Tag Archives: semiotics

Terminological Technicalities

I recently* asked my facebook friends the following:

1. Do you prefer to use the term ‘video game’, ‘video-game’, ‘videogame’ or ‘computer game’?
2. Do you think it’s an arbitrary choice?

This was inspired by having “video game” corrected to “video-game” in compound forms (such as “video-game music”) during a review process, a correction I found a little odd. While it seems to be a matter of grammar, it did get me thinking about how even the most fundamental terminology can be up for discussion.

My readings of video game theory etc. tend to indicate that there’s no single accepted form. A lengthy treatise on some aspect of video games will sometimes discuss the matter briefly, indicating (more or less) that the author thinks each term has these or those pros and cons but that they prefer the particular term they’ll use because reasons. Karen Collins often refers to “video games audio”, David Myers chooses “computer game”, and both “videogame” and “video game” are well represented in academic discourse and the press. Each has good points and bad points. I prefer “video game” because reasons. Well, because habit really. I know I thought about it for a while when I was writing my honours thesis, but I can’t remember the details of that inner dialogue — I just know it must have happened, because until then I used “computer game”.

Anyway, I asked my friends the question above. As expected, there was a fairly even representation between “video game” and “videogame”, with a slight preference towards “video game”, and a few preferences for “computer game” or “console game”. There was fairly wide consensus that “video-game” wasn’t an option. Two editor friends pointed out that a hyphenated form is sometimes used when a compound modifies a noun, but that since “video game” is an accepted form (a head word in the Macquarie Dictionary, also accepted by the OED) the hyphenated form probably shouldn’t be used. Aside from that, the difference between “video game” and “videogame” did seem to come down to personal preference and/or local conventions, i.e. US or UK or Australian English usage norms.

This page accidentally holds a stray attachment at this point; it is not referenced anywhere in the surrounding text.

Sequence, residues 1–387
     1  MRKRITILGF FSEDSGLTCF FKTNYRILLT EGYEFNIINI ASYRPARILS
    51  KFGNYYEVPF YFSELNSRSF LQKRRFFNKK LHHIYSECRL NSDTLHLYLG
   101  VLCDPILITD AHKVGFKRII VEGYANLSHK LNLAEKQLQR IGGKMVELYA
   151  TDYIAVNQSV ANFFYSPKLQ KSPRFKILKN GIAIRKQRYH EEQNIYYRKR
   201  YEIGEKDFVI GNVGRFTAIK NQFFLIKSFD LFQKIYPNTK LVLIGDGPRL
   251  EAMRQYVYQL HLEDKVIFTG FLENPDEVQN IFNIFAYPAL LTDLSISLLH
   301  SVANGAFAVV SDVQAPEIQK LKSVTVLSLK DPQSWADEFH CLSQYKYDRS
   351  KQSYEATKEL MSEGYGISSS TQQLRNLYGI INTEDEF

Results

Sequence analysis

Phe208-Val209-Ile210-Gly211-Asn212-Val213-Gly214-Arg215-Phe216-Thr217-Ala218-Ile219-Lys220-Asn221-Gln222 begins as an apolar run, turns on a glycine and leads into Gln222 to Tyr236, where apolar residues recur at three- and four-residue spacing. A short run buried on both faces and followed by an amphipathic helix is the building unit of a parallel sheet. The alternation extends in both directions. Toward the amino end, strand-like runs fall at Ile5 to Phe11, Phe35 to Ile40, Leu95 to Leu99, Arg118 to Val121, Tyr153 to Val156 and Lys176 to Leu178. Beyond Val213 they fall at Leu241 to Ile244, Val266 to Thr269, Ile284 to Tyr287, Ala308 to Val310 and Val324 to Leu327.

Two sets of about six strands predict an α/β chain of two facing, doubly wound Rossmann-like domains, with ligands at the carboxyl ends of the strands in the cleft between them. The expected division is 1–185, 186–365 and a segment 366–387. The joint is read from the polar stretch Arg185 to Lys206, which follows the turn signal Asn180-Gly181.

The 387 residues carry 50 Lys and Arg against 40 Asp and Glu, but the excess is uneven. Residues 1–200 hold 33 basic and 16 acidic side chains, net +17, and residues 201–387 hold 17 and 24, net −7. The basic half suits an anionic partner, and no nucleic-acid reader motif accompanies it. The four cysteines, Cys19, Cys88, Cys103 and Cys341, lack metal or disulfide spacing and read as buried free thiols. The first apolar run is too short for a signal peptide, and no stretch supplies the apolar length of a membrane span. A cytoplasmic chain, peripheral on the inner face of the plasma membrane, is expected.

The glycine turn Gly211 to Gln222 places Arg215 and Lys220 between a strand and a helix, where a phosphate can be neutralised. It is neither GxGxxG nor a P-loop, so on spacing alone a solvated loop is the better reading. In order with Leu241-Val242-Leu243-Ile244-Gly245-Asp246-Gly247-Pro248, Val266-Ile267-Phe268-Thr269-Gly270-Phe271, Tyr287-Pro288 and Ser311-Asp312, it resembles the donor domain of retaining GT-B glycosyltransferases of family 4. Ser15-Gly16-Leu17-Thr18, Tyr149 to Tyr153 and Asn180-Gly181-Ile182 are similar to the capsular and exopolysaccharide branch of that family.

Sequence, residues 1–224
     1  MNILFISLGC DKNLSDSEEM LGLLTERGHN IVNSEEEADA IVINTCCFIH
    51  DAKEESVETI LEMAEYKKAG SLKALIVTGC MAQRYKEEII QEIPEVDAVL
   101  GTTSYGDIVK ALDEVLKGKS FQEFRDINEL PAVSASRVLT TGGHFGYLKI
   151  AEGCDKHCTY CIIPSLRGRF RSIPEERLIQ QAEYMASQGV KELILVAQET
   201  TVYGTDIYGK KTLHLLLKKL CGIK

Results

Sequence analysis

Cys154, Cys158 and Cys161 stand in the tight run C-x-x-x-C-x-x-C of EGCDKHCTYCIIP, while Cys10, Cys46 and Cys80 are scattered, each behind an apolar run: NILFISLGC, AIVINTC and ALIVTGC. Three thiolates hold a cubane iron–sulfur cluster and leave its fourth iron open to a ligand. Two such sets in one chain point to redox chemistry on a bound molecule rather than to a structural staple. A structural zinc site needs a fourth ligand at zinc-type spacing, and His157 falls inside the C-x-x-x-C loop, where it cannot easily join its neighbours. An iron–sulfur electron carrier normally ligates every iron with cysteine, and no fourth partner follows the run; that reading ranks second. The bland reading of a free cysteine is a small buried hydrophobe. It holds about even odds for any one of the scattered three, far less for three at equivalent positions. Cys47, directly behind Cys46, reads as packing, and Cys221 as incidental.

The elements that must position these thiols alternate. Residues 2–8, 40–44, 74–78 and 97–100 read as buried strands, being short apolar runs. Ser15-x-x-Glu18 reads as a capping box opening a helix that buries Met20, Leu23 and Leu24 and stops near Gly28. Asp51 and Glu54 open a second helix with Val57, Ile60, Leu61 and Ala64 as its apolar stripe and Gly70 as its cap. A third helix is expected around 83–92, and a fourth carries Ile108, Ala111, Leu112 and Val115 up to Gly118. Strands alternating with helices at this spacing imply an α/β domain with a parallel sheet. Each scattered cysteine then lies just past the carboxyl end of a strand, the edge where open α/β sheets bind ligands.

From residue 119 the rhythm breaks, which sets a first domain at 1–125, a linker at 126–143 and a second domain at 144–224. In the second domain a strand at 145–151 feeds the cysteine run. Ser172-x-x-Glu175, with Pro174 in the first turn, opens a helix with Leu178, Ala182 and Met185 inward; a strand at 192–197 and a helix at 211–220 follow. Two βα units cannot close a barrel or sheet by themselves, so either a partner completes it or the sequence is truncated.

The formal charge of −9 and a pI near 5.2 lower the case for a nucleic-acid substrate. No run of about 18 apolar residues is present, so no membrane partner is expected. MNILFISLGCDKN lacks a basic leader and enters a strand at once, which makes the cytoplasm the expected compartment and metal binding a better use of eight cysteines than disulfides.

The more divisive question was whether “video*game” or “computer game” was more accurate. This tended to boil down to technological factors and preferences, but there also emerged a sense that “video*game” was a conventional term that has perhaps outlived its accuracy. My friend Darvids0n made this point:

Video game is what I say, but computer game is what I mean…. Any console, handheld, phone/tablet/phablet or personal computer is now classifiable as a ‘computer’ imo, and definitely not merely a ‘video’ device. Smart TVs are even computers.

My friend Kyle made this point:

computer game – noun – a game utilizing a computer
video game – noun – a computer game with moving images

which agrees with another point made by Darvids0n:

Whack-A-Mole is not a video game but it is a computer game (arcade if you want to be pedantic)

(which makes the assumption, I presume, that the arcade game has some electronic controls behind it – probably a safe assumption for later versions of the game). In favour of using different terms based on the device on which you’re playing, another friend, Toby, said:

I use “video game” when I’m talking about something played on the TV and “computer game” for one on my computer. In any other situation I’d probably just say “game”

while Evan said:

Computer game and console game. This differentiates primarily between keyboard/mouse and controller based input. Video game is too old and non-specific for me – it’s like ‘moving pictures’.

However, Kyle counter-argued in favour of a text-based rather than device-based classification: